Powerscourt Hotel and estate fight over staff accommodation
Plans for the Powerscourt Hotel and Spa in Co Wicklow to develop a new staff accommodation complex have received objections from a company linked to the Slazenger family – owners of the Powerscourt estate.
he company, Scalaheen Limited, retained planning consultant Tom Phillips + Associates to file a submission, asking that the application be denied. The filing claimed that the company behind the request, Wicklow Hotel Partnership, did not have “sufficient legal interest”.
Last month, a planning application for a 56-bed staff complex by Powerscourt Hotel, located inside the estate, was approved by Wicklow County Council. An Bord Pleanála can always be called upon.
The opposition claimed that the applicant was not the sole owner of the premises. He said law firm Arthur Cox had written to Wicklow Leisure Investments, one of the companies behind the hotel, pointing out that Scalaheen was the successor in title to Powerscourt Estates. He said Scalaheen holds “full title reversion” to the land transferred by the lease.
Lawyers said a lease signed in 2007 with Carrylane, the company that developed the hotel, required tenants to “always maintain and operate” the premises as a five-star hotel. He also stated that he could not use any part of the hotel for any other purpose, nor to make any structural or non-structural additions or changes.
He claimed the bonds were ‘breached’, alleging the current use of hotel suites for staff was against the terms of the hotel’s parental consent.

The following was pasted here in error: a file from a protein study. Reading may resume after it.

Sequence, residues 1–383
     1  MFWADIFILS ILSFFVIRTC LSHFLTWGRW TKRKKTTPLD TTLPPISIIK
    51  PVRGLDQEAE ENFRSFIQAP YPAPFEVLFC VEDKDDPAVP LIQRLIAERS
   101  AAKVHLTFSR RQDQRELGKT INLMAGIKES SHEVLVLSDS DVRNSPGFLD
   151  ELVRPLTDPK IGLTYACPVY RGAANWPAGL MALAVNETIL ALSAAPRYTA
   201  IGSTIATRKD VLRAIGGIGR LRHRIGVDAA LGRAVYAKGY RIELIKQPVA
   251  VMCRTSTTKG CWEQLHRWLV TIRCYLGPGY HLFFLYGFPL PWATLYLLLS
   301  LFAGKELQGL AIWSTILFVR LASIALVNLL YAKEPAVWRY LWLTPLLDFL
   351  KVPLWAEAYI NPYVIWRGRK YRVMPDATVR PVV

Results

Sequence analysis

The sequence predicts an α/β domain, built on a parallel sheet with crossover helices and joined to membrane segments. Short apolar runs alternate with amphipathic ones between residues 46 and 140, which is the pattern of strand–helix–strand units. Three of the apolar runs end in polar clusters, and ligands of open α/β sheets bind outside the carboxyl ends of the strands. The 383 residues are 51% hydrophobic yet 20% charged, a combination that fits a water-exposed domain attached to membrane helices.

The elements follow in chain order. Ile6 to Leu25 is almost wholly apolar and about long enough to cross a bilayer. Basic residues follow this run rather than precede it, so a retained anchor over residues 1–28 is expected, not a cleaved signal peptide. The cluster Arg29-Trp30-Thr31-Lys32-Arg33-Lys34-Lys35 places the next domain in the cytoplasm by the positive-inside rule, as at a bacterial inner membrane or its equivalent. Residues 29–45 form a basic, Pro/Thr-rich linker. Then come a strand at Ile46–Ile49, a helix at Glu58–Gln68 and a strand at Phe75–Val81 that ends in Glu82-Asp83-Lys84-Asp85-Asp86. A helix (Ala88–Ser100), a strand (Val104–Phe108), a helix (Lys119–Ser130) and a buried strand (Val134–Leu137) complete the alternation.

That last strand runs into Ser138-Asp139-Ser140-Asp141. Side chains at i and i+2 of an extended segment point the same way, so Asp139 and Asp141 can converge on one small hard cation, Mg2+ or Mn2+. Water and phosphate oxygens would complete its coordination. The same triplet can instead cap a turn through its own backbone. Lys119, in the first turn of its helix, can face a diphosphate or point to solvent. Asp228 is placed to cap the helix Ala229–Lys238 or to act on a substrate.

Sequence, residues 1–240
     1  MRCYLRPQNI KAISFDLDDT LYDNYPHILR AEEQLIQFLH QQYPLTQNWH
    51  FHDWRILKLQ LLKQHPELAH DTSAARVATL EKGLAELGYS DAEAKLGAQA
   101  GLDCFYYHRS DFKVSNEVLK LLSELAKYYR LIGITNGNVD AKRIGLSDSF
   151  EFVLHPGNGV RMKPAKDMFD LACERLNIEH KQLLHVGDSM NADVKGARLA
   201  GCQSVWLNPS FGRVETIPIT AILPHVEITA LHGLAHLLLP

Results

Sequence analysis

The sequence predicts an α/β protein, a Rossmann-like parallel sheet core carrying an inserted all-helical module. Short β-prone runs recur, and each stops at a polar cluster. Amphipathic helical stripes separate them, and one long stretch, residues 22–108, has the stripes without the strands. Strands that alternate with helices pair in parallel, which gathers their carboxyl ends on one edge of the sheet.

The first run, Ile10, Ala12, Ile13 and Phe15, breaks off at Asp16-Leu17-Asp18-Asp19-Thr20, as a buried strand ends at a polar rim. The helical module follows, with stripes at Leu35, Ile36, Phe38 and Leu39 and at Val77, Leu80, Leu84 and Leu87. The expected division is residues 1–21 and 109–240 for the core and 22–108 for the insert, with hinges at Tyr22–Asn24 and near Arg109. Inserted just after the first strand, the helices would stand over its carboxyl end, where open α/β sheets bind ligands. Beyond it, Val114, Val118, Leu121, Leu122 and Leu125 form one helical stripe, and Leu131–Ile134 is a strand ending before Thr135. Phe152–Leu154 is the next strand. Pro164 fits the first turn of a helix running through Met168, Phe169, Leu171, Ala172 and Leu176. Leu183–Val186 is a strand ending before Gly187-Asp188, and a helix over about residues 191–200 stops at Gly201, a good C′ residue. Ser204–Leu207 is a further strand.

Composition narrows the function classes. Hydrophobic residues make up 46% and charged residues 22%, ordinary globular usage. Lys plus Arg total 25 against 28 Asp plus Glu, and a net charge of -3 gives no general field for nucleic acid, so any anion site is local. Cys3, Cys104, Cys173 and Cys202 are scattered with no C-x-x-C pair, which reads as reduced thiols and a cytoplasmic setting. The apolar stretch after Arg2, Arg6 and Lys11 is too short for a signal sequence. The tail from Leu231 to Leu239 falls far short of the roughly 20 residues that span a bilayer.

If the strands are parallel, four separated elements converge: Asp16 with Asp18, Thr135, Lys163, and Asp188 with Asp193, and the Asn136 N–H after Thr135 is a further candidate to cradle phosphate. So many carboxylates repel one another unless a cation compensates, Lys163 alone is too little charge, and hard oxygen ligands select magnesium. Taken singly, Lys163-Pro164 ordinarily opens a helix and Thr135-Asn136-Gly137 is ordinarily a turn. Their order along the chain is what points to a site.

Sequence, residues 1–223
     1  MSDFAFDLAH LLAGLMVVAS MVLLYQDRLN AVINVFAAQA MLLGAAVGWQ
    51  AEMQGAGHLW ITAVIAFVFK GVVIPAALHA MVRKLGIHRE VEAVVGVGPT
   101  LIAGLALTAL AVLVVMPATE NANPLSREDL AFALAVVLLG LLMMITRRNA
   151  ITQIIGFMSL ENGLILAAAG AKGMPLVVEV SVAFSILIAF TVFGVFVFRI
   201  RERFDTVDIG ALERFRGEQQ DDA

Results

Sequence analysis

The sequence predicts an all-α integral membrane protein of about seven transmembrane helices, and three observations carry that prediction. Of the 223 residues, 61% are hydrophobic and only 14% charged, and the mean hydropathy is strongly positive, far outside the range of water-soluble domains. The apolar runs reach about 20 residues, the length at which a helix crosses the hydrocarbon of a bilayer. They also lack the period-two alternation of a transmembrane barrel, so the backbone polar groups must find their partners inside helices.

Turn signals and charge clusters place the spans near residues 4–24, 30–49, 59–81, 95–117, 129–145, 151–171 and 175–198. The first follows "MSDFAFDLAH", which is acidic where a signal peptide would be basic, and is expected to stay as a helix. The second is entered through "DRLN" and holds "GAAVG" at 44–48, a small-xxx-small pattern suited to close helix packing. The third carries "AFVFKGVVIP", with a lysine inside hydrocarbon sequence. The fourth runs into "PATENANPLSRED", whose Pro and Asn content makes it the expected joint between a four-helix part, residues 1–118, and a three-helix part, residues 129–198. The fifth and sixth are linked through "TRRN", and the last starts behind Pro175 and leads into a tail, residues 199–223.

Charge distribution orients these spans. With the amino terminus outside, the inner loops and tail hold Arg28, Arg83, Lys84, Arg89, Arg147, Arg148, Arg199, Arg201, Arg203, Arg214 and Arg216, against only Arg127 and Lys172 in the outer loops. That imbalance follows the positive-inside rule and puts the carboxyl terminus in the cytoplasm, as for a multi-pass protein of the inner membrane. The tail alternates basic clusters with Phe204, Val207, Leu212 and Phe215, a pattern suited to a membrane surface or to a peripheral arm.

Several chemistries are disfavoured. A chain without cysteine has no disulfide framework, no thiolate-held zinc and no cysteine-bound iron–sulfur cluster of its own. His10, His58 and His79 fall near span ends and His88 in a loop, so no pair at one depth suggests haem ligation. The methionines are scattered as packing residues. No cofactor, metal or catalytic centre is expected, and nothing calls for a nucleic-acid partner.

Scalaheen’s objection said the proposed accommodation was inappropriate, citing room sizes and that 56 people could share a single kitchen and common room. He described as “unusual” the ability for staff to use the grounds at Powerscourt during their downtime.
The company has acknowledged difficulties in finding accommodation for staff in Ireland. He said the proposal would not be appropriate, “given the fundamental principles of a hierarchy of needs”.
In response, the AMOSS law firm stated that the plaintiff was the sole legal owner of the hotel, in accordance with the lease.
AMOSS said the proposed development was within the permitted use, as the staff quarters constituted “ancillary facilities” and would enhance the continued operations of the premises as a five-star hotel.
The law firm added that the resort will be part of the hotel and not visible from other parts of the state.
The Powerscourt Hotel said it had ‘nothing further to add’ to the submission made by AMOSS, which it said noted that Tom Philips + Associates’ legal claims had ‘no merit’ “.
Scalaheen declined to comment.
Tom Phillips + Associates did not respond to questions.